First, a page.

Submitted By Jeanette Sue Bielby Nichols
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Porter Nichols and Blakely Family

Porter Nichols was born in Belvidere, ILL. in a log cabin. His parents were immigrants from Ireland. At age 36 Porter made his way to Cowley County, Kansas. In March, 1872 he staked his claim for the Northwest 1/4 Section 33 Township 31 south of range 5 in Osage Indian lands for 160 acres. The deed was signed by president Ulysses S. Grant June 10, 1873. The original Indian Territorial deed still remains in the family. He broke sod by hand and started a temporary shelter. He then journeyed to Kansas City, Kansas where he was united in marriage to Jenny Thompson.

Nichols gathered some necessary materials and with oxen drawn wagon he returned alone to his claim. He completed temporary shelter and did planting. In 1875 he returned to Kansas City for his family, they journeyed to Cowley County, in covered wagon, drawn by oxen. While crossing the Neosho river they were swept down stream, their wagon partly overturned. They lost part of their possessions, however, the oxen pulled them thru safely.

They lived in a small, temporary cabin while building the home where their children were raised. This home was erected in 1876, with lumber hauled from Wichita, drawn by oxen.

They were blessed with four children, namely; Frank, Fred, Fannie and William. The Indians often raided the home of breads and flour. In 1880 the New Salem Township was formed. The officers were J. Johnson, C Krow, and Porter Nichols. These names and pictutes may be view on the archway above the existing New Salem water pump.

Mother often spoke of going across the pasture, (where New Salem is) to bring in the cows. Porter and sons helped construct the Methodist church building. The Nichols children attended New Salem school.

Fannie Nichols was married to Earl Blakely, August 14, 1912 at Winfield, Kansas. To this couple were born four children. Unnamed daughter, died at birth, resting in Burden Cemetery. Floyd, James, and Lucille Blakely. When I was six months old our father disappeared. Mother and we children returned to the homestead, at New Salem. Mother cared for her aging parents, and worked the farm to make a living for the family. Jenny Nichols expired July 5, 1923, eighteen days later Porter joined her, both are in the New Salem Cemetery.

Mother remained on her portion of homestead ground, raising her children in the original home built in 1876. She and her children attended New Salem churches. We children attended New Salem school.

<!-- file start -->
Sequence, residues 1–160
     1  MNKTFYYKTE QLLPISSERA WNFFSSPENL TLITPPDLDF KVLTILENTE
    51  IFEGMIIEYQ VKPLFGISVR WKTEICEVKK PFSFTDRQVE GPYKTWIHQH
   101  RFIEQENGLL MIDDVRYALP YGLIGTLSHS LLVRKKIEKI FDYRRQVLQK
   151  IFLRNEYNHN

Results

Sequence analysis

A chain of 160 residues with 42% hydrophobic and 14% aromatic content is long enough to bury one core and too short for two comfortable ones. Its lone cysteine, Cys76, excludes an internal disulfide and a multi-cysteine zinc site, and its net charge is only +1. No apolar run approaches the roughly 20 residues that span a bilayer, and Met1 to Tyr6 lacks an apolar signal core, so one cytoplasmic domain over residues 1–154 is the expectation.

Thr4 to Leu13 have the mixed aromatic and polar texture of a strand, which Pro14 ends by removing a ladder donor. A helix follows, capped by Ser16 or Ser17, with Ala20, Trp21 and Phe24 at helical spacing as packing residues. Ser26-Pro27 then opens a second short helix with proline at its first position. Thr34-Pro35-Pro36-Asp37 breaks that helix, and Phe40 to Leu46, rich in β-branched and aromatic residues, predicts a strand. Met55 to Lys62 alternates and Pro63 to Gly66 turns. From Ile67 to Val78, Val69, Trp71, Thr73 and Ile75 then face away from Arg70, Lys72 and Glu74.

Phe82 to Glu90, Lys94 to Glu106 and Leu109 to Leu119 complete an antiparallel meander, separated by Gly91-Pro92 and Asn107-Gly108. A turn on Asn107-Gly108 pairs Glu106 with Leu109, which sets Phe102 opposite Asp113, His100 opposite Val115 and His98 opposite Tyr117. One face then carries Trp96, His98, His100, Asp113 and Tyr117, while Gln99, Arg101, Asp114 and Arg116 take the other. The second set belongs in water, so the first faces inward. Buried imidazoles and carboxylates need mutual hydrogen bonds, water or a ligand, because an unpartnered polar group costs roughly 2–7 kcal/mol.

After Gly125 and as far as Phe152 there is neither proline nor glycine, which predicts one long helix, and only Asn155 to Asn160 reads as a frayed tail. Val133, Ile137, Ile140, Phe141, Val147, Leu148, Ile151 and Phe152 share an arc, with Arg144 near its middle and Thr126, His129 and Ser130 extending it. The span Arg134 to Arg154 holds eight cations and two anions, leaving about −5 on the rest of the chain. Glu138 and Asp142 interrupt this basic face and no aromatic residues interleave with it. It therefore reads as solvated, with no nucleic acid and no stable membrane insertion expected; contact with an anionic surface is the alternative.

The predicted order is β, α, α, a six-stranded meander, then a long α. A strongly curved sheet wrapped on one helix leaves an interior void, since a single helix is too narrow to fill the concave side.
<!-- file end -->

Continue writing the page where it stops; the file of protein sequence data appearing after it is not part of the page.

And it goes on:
On March 11, 1954, while visiting with me in Tulsa, mother expired, she was laid to rest beside her first born in the Burden Cemetery.

Her portion of the homestead land was divided between her three children. They were the late Floyd Blakely, (retired general contractor and insurance adjuster), resting in New Salem Cemetery. He was father of two daughters, Linda and Carolyn of Winfield, and one deceased son Jimmie, at rest in New Salem Cemetery.

James Blakely of Dodge City, Kansas, owner of J. and L. Sales and Blakely Development Corp. He fathered two sons. Larry of Meridian, Mississippi, and Jerry of Eugene, Oregon.

Lucille Blakely Smith, Tulsa, Oklahoma, owner and instructress of Lucille and Robert Smith Dance Studio. I have one son, Robert Blake Smith, Tulsa Oklahoma.

Brother Jim and I still collect wheat from the homestead ground.

Submitted By Lucille Blakely Smith
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Nickel Family

There surely are days when residents of Cowley County consider the climate anything but dry. But in 1884 at least one family made Winfield its destination because they considered it drier than Illinois.

That was the family of John H. Nickel, a farmer and harness maker. Before 1884 John, his wife Mary, and two children Emma and J.Carl, lived near Beardstown, Illinois. But Carl was afflicted by asthma, and suffered greatly in the humid Illinois River country. At first the Nickels intended to move to Arizona, truly a drier climate, but then they met up with H. T. Trice, a promoter and real estate man from Winfield. He convinced the Nickels that Winfield was a better place to be than Arizona.

Nickel sold all but one piece of land in Illinois, and came to Winfield, where he established a harness business. It was the forerunner of a business that exists to this day in Winfield.

The older child, Emma, in 1910, married Earl M. Hartley, a Winfield businessman. They lived out their lives in the community. Young J.Carl Nickel, seven years old when he moved to Winfield, later became well-known as the proprietor of a business that bought and sold hides, tallow, and scrap metal. Carl Nickel died before he was 60 years of age, and the business continuity was maintained by his son, Grayson, and Carl's wife, Merle Nickel.